Let me illustrate how ridiculous and untrue it is to take the statistical figure and apply it to one patient, say myself. When I was 10, the (not: my!) average statistic mean age at the moment of death of all patients with CF was around 20 years. That means that at that time, half of the known patients died before, and the other half was still alive. Now, presently I am almost 58. I can say with certainty that the probability of me reaching the age of 100 is larger than that of me having died 38 years ago. You see how stupid these figures work out if applied to anything else than the entire group of patients?

      Wouldn’t it be wonderful, Jenny, if you read your blog again, now using the knowledge that the statistical figure does not apply to you or any one else as individual patient. Not able to use sentences like “my life expectancy at such and such moment in time was x years”. Not even using the words “my” and “life expectancy” in one sentence, except as in “I can tell you nothing about my life expectancy”. Perhaps finding out yourself that you can’t write a thing about it any more, only in abstract terms that apply to the entire group, that no single patient would be very interested in, not least yourself. You would then have totally dismantled the illusory spell of statistics on your personal situation or on those of other patients. You and they will be freed of the myth “I will live shorter because I have cf”. Not because of trikafta or anything, but because of a clear vision and a better understanding of figures. You should never have been thinking otherwise and I am so sorry for you and all other patients that are or have been in the prison of this misunderstanding, believing in some sort of predetermined early death sentence. It simply is not true.

      Remember the saying: there are lies, big lies and statistics. Let’s all agree to never lie again about the life expectancy of any individual cf patient please. Let’s only say the truth from now on: “No one knows”. There is no shame in not knowing. It is as gracious and elegant as the truth can be.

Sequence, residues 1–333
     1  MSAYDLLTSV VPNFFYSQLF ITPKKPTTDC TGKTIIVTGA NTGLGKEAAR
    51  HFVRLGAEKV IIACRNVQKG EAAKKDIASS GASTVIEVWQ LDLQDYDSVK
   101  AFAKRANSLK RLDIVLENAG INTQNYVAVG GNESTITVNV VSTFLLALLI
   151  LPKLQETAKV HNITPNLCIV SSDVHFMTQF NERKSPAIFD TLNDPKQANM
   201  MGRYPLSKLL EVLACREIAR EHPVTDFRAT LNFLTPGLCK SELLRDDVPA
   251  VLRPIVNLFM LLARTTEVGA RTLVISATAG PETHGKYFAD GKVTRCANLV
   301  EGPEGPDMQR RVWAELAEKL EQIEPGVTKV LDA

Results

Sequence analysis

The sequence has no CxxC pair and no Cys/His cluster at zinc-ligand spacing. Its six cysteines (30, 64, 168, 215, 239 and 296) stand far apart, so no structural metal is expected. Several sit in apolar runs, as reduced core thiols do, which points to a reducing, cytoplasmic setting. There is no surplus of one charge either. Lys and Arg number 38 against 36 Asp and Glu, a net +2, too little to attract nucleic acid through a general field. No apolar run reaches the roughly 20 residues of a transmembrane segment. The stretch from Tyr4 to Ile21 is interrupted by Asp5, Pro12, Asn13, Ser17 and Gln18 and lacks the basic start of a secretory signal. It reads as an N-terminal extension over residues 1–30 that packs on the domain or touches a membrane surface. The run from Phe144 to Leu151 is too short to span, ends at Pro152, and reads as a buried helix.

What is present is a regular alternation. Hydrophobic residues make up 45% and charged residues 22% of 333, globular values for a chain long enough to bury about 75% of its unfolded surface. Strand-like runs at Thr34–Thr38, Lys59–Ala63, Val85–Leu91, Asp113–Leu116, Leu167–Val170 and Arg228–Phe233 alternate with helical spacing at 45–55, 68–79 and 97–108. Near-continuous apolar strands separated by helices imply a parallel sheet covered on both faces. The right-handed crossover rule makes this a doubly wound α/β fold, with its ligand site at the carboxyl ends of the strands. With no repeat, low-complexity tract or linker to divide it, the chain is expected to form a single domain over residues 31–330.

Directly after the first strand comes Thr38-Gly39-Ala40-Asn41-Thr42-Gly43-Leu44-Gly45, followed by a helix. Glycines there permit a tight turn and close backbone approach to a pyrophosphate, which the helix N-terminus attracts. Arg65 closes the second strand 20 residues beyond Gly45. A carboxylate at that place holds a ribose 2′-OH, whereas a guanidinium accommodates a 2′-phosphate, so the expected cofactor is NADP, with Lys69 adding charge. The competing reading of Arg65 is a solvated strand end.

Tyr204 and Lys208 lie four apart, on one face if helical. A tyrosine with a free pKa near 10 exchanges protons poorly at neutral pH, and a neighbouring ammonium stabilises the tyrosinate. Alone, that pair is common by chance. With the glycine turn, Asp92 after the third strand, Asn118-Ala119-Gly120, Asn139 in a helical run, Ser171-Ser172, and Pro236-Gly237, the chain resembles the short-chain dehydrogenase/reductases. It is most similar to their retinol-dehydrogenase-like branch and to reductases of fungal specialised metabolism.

Now for me, the words life expectancy mean: what I expect from life and what life can expect from me. Which is to be completely and utterly and always totally in love with each other and to be present with that continuously. Life and I don’t deserve anything less. They have nothing to do with any number or with time. I learned this early in life from my father, who – being a university-schooled engineer – understood statistics and mathematics and dispelled this myth for me once and for all.

    • #16417
      Jenny Livingston

      Paul, thanks for these words. Thinking about my childhood, I remember a lot of focus on those numbers. I can distinctly remember specific conversations where things were said like, “she may never go to college, get married, or have children.” At home, there was a noticeable lack of conversation about my future which made me focus so much more on the conversations about what might never be. It was so engrained in me, but you’re right — those numbers have never been about me specifically. I don’t believe kids with CF are spoken to the way we used to be; at least I hope that isn’t the case.

      We’ve spoken several times here about breaking away from the stories we’re told (even the ones we tell ourselves sometimes). I believe that’s something I’ll continue working on for the rest of my life. But I hope that the narrative has changed for kids with CF today. I hope they’ll be told stories of hope, success, and triumph instead of the ones many of us were told decades ago.

      I appreciate your words so much! Thank you again.